The latest in my series of ‘Farmer White’ match reports written during Somerset’s 2017 season.
~ ROYAL LONDON ONE-DAY CUP QUARTER-FINAL ~
“It was now that Elgar showed how a classical batsman can adapt to fast scoring in one-day cricket.”
RLODC Quarter-Final. Taunton. 13th June 2017. Somerset v Nottinghamshire
A match in which well over 800 runs were scored in 98 overs. Supporters were on the edge of their seats until the very end as Somerset launched a ferocious assault on an impossible target.
I drafted this post during the two days or so after the 50 over Quarter-Final but, tired after five days continuous cricket and the resulting early hours or early mornings posting, I was not satisfied with the result and did not post it. Two months later when Somerset found themselves facing another (T20) Quarter-Final against Nottinghamshire I re-read it. I found it in better condition than I had remembered, tidied it up a little and posted it as a curtain-raiser to the NatWest T20 Blast Quarter-Final, hence the ten-week gap between the match and the date on which the post was logged.
Nottinghamshire had been inserted by Somerset and promptly racked up a gargantuan score even by 2017 standards. The post is written primarily from the perspective of Somerset’s run chase although from that perspective it does make reference to Nottinghamshire’s whirlwind of an innings. The issue of short or full-pitched bowling was still an issue among some supporters. The report ends with some basic analysis of the outcomes of full or short-pitched bowling in this match.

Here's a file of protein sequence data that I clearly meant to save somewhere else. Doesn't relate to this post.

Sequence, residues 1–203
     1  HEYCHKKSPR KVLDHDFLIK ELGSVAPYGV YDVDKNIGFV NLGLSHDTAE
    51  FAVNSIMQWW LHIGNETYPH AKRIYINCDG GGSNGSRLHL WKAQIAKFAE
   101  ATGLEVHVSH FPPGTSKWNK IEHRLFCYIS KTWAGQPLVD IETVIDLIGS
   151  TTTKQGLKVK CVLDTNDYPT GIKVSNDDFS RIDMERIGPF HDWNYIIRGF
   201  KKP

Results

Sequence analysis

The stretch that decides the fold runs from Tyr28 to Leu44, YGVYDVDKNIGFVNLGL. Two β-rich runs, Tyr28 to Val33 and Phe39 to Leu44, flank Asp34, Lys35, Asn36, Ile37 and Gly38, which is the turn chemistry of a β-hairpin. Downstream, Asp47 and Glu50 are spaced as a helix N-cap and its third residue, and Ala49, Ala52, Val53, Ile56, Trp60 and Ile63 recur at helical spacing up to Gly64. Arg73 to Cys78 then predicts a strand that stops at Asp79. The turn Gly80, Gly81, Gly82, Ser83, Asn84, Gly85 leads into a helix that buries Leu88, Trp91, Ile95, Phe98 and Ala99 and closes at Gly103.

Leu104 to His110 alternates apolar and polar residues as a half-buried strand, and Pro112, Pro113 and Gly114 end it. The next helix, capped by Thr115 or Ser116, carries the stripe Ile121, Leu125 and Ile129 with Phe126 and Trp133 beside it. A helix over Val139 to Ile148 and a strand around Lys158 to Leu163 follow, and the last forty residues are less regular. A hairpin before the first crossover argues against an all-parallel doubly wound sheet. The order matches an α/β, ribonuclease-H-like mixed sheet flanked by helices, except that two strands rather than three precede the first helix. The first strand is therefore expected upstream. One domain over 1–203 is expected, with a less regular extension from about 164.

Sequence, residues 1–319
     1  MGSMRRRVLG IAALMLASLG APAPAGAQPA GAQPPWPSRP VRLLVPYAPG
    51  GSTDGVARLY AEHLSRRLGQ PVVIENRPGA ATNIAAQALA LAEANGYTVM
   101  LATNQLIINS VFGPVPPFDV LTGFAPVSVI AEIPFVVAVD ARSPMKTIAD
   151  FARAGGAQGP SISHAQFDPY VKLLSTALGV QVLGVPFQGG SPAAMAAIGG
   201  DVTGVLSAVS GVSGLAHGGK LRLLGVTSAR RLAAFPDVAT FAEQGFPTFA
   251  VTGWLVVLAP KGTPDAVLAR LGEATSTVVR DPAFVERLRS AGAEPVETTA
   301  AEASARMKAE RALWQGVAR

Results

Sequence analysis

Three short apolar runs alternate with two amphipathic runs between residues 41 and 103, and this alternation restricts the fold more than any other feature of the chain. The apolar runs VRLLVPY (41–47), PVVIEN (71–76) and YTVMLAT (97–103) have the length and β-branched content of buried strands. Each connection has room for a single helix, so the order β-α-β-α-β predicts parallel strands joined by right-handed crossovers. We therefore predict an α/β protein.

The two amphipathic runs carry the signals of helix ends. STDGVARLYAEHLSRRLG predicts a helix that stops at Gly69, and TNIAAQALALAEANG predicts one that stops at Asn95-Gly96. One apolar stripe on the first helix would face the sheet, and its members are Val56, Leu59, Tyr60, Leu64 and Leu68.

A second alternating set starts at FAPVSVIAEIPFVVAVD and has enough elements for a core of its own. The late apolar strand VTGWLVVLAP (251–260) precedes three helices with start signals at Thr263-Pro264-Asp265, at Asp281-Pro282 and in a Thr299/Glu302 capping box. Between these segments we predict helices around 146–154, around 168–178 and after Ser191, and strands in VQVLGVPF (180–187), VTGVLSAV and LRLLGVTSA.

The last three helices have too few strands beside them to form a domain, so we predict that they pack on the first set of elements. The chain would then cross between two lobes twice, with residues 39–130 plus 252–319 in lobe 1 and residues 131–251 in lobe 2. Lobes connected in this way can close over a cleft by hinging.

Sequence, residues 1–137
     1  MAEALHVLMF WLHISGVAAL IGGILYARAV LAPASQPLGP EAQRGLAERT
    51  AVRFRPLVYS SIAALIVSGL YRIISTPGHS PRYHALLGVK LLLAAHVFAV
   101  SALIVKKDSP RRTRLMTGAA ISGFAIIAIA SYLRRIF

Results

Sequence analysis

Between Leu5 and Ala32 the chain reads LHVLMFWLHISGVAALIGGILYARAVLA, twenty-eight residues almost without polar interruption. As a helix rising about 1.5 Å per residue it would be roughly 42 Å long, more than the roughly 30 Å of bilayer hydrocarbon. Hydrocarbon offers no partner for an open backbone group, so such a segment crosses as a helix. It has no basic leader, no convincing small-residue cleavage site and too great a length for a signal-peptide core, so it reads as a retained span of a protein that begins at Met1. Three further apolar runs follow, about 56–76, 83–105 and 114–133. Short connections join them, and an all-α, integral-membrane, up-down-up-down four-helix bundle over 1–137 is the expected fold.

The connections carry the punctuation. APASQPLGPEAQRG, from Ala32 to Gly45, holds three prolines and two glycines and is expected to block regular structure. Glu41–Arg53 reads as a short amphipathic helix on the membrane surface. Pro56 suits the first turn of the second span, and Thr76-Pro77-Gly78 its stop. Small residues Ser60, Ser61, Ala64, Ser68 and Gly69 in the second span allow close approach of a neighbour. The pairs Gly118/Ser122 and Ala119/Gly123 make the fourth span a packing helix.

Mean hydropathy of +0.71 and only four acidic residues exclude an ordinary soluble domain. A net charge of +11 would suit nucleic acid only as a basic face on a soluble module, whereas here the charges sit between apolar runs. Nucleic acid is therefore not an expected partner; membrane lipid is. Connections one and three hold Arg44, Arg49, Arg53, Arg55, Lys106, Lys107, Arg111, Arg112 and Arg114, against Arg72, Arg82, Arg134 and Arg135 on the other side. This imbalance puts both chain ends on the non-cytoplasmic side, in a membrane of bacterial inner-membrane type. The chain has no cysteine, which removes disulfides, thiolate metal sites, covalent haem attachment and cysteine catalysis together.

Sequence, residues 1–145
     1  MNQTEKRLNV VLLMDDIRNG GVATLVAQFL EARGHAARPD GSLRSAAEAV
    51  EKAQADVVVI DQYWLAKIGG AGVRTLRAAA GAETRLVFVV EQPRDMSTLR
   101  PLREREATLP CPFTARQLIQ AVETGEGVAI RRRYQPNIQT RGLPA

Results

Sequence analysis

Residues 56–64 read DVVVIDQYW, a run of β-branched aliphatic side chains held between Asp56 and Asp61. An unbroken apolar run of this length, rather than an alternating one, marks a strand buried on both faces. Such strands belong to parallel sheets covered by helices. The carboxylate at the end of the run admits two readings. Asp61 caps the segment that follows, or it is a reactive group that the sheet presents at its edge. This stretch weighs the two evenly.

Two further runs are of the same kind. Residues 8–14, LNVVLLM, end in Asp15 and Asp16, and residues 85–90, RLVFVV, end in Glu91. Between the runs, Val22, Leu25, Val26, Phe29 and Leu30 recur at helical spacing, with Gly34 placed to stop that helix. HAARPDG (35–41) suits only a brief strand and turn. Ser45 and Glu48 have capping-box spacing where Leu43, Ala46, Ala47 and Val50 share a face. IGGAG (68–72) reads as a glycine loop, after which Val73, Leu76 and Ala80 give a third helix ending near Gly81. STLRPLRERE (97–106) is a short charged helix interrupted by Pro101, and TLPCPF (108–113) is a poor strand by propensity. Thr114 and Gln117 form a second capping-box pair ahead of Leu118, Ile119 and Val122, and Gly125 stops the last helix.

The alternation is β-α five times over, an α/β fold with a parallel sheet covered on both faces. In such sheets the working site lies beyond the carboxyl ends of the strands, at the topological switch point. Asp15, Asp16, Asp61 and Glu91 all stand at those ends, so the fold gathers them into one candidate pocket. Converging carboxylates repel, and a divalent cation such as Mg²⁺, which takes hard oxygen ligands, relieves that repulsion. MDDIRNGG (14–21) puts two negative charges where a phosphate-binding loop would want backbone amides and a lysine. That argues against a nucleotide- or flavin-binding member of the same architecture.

Farmer White (IP Logged) 23 August 2017 11.03 p.m.
“Somerset’s assault on a target of 430 turned the 2017 Royal London One-Day Cup Quarter-Final against Nottinghamshire into an epic of Homeric proportions. In the end the assault failed as virtually every other assault on a total of over 400 has failed in List A/ODI cricket. 50 times a target of 400 or more has been set. Only twice has the team batting second reached the target. South Africa managed 438 for 9 to beat Australia in 2006 and Queensland 402 for 3 to beat Tasmania in 2014. On only 6 occasions has a team including the two mentioned above and Somerset in this Quarter-Final, passed 400 batting second. That is the scale of Somerset’s achievement in getting as far as they did. They may have been within a run out mix-up of making history in English List A cricket.